2. Surgical technique

Under general anesthesia, patients were placed in the dorsal lithotomy, trendelenburg down position. A uterine manipulator (Cohen cannula) was placed through the uterine cervix for mobilization of the uterus and adnexal tumor during surgery. LESS was performed using a commercially available multichannel, single-port access system. After making a 1.5 cm longitudinal, linear skin incision at the base within the umbilicus, peritoneal access was obtained using an open Hasson technique Fig. 1. After inserting a multichannel, single-port access system through the umbilicus, pneumoperitoneum was created using CO2 gas at 8 to 12 mmHg. A 0 degree, 5 mm, rigid laparoscope was used. Surgeons stood on the left side of the patients and used the straight laparoscopic instruments with both hands. The first assistant (senior resident) stood on the right side of the patients and handled the laparoscope and the second assistant (junior resident) stood between the legs of the patients and handled the uterine manipulator. Salpingo-oophorectomy or ovarian cystectomy was performed as planned, and tumor specimens were extracted using endo-pouches. After surgery, the peritoneum and fascia was closed using 2-0 Vicryl suture and the skin was closed using skin adhesive. Operations were performed by multiple experienced laparoscopic surgeons. The selection criteria between LESS and conventional laparoscopic surgery were not clear. It was selected by the attending surgeon after discussion with patient.
Conventional laparoscopic surgery was performed using a three-port system. A 10, 12, and 5 mm trocar was placed using a closed technique on the umbilicus, left lower quadrant, and suprapubic area, respectively Fig 1. Except for the placement of laparoscopic ports, all aspects of the surgical techniques for LESS and conventional laparoscopic surgeries were identical.

3. Postoperative management

Postoperatively, sips of water were allowed on the day of surgery and a normal diet was resumed on postoperative day (POD) 1. Postoperative pain was controlled with parenteral non-steroidal anti-inflammatory drugs (ketorolac, 10 mg) every 8 hours on the day of surgery and oral non-steroidal anti-inflammatory drugs (keotolac, 30 mg) every 8 hours from POD 1. Additional analgesics were given as requested with parenteral non-steroidal anti-inflammatory drugs. The pain score was measured using a visual analogue scale in 8 hours intervals and whenever the patients reported pain that required additional analgesics. A pain score of 0 was defined as "no pain" and 10 defined as "worst imaginable pain." Discharge was allowed when ordinary activities were resumed, pain was tolerable, and there were no symptoms or signs of complications requiring further treatment or reoperation from POD 1. Patients were followed up as outpatients 2 weeks and 1 month after surgery, and then every 6 months thereafter.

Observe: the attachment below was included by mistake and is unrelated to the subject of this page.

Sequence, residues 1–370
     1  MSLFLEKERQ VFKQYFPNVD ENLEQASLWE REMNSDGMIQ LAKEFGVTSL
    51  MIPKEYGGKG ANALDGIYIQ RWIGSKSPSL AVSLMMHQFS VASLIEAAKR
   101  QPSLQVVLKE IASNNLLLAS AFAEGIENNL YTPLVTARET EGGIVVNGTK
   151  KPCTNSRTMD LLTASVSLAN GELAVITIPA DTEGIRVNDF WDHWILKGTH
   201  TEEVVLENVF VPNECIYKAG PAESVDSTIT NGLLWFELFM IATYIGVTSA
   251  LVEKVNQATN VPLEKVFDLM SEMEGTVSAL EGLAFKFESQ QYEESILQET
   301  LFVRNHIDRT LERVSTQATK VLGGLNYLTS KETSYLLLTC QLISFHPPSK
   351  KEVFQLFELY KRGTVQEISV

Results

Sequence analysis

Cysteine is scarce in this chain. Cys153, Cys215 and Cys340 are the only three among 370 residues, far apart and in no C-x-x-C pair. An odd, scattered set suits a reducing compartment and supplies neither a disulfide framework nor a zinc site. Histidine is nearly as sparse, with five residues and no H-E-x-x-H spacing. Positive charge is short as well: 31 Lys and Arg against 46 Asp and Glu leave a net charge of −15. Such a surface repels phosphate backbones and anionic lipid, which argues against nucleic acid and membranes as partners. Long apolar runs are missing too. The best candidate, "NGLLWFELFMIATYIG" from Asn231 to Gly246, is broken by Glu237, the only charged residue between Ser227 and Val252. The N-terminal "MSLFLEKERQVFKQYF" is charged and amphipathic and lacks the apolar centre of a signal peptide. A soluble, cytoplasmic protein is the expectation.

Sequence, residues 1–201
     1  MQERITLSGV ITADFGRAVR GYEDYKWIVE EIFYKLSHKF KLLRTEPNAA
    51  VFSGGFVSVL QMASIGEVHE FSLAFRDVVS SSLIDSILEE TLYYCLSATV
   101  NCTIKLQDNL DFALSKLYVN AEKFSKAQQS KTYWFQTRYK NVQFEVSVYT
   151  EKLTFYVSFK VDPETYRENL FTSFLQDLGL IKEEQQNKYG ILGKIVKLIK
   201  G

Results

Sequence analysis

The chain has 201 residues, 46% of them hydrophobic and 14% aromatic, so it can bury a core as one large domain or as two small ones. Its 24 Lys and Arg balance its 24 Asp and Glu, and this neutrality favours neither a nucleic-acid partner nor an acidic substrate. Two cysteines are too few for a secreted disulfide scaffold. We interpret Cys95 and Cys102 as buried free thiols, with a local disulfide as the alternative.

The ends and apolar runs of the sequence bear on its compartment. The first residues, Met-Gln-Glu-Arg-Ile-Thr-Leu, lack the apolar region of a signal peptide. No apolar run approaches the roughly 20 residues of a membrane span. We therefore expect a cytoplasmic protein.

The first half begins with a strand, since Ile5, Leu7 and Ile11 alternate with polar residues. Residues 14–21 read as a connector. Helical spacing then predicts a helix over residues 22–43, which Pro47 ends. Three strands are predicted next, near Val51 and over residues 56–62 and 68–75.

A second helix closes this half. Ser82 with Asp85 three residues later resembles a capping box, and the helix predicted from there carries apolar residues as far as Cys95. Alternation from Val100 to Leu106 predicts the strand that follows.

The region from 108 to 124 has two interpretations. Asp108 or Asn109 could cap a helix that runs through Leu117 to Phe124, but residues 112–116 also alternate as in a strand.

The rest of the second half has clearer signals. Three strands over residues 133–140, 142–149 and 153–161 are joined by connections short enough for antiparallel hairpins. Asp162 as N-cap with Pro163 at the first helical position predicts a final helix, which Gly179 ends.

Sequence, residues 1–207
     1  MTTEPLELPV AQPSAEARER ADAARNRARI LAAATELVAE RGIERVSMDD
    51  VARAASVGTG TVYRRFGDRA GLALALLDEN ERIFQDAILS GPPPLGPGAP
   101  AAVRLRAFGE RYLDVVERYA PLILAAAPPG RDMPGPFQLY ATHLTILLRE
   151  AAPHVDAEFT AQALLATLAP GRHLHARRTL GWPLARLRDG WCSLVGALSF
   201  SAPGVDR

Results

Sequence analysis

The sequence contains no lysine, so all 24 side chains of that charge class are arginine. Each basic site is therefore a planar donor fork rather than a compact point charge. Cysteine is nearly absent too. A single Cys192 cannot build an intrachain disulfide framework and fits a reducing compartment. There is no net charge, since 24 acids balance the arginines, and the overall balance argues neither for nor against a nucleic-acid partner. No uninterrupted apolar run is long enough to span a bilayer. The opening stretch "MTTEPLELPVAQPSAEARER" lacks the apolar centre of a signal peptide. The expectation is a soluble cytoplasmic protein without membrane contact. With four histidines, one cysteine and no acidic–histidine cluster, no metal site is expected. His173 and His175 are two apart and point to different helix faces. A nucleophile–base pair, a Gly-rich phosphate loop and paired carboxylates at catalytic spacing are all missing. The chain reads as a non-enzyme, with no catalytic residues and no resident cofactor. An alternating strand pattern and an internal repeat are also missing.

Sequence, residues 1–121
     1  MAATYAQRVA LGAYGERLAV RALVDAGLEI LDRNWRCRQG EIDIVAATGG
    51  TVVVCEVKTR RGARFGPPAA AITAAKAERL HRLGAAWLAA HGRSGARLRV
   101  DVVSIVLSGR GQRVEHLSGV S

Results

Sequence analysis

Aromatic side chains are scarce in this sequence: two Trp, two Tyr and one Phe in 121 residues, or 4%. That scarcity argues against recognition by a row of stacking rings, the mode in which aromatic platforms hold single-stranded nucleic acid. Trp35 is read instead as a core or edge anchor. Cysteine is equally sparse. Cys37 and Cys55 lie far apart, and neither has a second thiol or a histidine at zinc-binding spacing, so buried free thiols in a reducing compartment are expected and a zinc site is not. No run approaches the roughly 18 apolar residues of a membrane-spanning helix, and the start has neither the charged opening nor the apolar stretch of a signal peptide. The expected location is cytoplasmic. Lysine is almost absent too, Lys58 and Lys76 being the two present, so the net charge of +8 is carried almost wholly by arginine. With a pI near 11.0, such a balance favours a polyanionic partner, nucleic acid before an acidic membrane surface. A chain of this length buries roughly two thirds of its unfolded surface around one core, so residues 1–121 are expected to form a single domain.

4. Statistical analysis

Mean values were compared using Student's t-test and frequency distributions were compared using the chi-square test or Fischer's exact test between groups. A P-value of <0.05 was considered to represent a statistically significant difference. Statistical analysis was performed using IBM SPSS ver. 21.0 (IBM Corp., Armonk, NY, USA).

Results

The demographic characteristics of the two groups are compared in Table 1. There was no difference in age, body weight, height, body mass index and comorbidities between the two groups; however, more patients in the LESS group had a history of previous abdominal surgery.
The surgical outcomes are compared in Table 2. There was no difference in the mean tumor size, bilaterality of ovarian mature cystic teratoma, and the type of surgery between the two groups. No patient in either surgery group required an additional port or conversion to laparotomy to complete the planned surgery. The mean operating time (89.0 vs. 87.8 minutes, P=0.734) and estimated blood loss (69.4 vs. 68.4 mL, P=0.842) of the LESS group were comparable to the conventional laparoscopic surgery group. Three (2.2%) and one (0.6%) patient in the LESS and conventional group, respectively, required transfusion (P=0.336). The mean perioperative hemoglobin level change did not differ between the two groups (1.3 vs. 1.2 g/dL, P=0.593). The mean postoperative hospital stay was 2 days and 2.1 days for the LESS and conventional groups, respectively (P=0.119); however, more patients in the LESS group were discharged within 1 day of surgery (6.5% vs. 1.2%, P=0.026). Complications occurred in two (1.4%) and three (1.8%) patients in the LESS and conventional groups, respectively (P=0.999) (Table 2), but these were minor and managed conservatively. No patient required reoperation or readmission due to a complication. In the follow-up ultrasonogram, which was performed between 6 and 12 months after surgery, no patient in either group showed residual or recurrent ovarian mature cystic teratoma.